Published in 1975, Ragtime changed our very concept of what a novel could be. An extraordinary tapestry, Ragtime captures the spirit of America in the era between the turn of the century and the First World War.

The story opens in 1906 in New Rochelle, New York, at the home of an affluent American family. One lazy Sunday afternoon, the famous escape artist Harry Houdini swerves his car into a telephone pole outside their house. And almost magically, the line between fantasy and historical fact, between real and imaginary characters, disappears. Henry Ford, Emma Goldman, J. P. Morgan, Evelyn Nesbit, Sigmund Freud, and Emiliano Zapata slip in and out of the tale, crossing paths with Doctorow's imagined family and other fictional characters, including an immigrant peddler and a ragtime musician from Harlem whose insistence on a point of justice drives him to revolutionary violence.

The Modern Library has played a significant role in American cultural life for the better part of a century. The series was founded in 1917 by the publishers Boni and Liveright and eight years later acquired by Bennett Cerf and Donald Klopfer. It provided the foundation for their next publishing venture, Random House. The Modern Library has been a staple of the American book trade, providing readers with affordable hardbound editions of important works of literature and thought. For the Modern Library's seventy-fifth anniversary, Random House redesigned the series, restoring as its emblem the running torch-bearer created by Lucian Bernhard in 1925 and refurbishing jackets, bindings, and type, as well as inaugurating a new program of selecting titles. The Modern Library continues to provide the world's best books, at the best prices.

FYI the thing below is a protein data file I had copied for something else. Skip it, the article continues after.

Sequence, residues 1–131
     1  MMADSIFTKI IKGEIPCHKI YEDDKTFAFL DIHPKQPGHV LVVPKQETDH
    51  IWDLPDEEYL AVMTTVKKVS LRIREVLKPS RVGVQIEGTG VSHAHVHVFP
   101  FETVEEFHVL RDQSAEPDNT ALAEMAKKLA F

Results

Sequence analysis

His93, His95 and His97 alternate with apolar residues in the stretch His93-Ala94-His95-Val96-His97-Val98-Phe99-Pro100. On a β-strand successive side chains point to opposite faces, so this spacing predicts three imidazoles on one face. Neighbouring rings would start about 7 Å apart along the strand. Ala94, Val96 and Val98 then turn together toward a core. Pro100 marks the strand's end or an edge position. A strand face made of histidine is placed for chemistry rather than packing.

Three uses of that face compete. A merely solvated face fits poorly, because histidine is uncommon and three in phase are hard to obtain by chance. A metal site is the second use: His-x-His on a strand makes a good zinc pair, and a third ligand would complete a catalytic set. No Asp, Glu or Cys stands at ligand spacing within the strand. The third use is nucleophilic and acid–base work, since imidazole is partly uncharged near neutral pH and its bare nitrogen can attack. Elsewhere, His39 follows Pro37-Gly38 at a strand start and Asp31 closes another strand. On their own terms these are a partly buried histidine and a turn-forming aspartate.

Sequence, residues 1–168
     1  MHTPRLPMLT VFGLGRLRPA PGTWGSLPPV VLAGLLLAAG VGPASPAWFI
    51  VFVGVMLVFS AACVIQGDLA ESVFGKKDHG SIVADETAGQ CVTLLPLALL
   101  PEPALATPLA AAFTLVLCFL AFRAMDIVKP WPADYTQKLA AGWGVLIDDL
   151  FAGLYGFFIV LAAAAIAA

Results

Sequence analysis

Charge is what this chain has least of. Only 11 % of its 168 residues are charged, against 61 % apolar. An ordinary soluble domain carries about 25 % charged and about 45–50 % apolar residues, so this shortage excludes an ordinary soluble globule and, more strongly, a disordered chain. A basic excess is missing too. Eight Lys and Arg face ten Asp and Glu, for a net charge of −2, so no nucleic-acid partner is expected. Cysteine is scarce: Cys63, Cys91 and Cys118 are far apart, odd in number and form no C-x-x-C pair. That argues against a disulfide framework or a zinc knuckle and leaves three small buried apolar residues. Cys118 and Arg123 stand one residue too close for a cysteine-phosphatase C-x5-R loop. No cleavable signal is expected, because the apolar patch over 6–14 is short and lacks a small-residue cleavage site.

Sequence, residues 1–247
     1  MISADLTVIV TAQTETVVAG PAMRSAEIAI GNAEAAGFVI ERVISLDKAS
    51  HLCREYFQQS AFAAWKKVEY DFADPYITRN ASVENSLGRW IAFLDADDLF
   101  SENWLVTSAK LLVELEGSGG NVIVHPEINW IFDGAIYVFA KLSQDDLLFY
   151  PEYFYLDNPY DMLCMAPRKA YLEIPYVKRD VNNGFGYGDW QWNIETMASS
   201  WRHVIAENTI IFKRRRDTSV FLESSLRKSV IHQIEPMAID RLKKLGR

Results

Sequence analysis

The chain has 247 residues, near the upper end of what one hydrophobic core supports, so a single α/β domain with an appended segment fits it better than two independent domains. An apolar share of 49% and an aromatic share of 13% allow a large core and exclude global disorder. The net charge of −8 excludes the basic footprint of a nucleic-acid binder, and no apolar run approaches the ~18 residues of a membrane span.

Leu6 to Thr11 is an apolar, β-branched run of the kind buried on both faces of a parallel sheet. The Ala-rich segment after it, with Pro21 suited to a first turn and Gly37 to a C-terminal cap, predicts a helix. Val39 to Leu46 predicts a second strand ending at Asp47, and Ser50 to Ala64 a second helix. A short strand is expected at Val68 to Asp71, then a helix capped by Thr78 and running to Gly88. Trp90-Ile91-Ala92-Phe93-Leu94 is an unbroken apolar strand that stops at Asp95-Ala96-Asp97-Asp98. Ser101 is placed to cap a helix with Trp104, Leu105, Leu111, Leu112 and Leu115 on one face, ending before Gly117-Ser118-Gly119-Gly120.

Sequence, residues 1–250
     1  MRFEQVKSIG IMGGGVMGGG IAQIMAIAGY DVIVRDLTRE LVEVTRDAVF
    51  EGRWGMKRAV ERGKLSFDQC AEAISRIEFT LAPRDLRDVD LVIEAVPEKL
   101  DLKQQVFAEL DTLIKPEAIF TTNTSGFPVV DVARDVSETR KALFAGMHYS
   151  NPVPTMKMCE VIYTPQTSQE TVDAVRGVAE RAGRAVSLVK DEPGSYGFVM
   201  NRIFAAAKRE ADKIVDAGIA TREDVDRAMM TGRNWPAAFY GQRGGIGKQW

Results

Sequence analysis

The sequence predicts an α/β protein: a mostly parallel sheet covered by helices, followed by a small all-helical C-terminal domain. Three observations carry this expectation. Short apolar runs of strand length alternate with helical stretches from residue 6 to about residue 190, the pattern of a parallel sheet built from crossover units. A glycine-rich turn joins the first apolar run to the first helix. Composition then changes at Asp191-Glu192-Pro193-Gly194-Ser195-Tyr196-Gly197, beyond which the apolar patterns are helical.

(retrieved from Amazon Mon, 30 Sep 2013 13:52:29 -0400)

(see all 6 descriptions)

Three remarkable families lives' become entwined with Henry Ford, Harry Houdini, J.P. Morgan, Theodore Dreiser, Sigmund Freud, and Emiliano Zapata at the turn of the century.

(summary from another edition)

» see all 4 descriptions

Quick Links

Swap Ebooks Audio
123 avail.
63 wanted
6 pay2 pay

Popular covers

Rating

Average: (3.84)
0.5 3
1 9
1.5 5
2 52
2.5 11
3 194
3.5 78
4 337
4.5 50
5 224

Audible.com

2 editions of this book were published by Audible.com.

See editions

Penguin Australia

2 editions of this book were published by Penguin Australia.

Editions: 0141188170, 0143566377

Is this you?

Become a LibraryThing Author.

 

Help/FAQs | About | Privacy/Terms | Blog | Contact | LibraryThing.com | APIs | WikiThing | Common Knowledge | Legacy Libraries | Early Reviewers | 96,142,774 books! | Top bar: Always visible